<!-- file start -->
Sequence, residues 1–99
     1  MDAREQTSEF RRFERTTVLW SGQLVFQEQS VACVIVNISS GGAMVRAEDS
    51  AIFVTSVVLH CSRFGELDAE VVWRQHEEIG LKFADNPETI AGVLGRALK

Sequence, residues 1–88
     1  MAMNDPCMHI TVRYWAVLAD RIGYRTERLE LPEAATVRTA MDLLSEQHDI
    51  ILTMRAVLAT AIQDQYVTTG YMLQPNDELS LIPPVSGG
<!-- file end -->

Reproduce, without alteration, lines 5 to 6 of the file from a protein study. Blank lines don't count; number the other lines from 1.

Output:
     1  MAMNDPCMHI TVRYWAVLAD RIGYRTERLE LPEAATVRTA MDLLSEQHDI
    51  ILTMRAVLAT AIQDQYVTTG YMLQPNDELS LIPPVSGG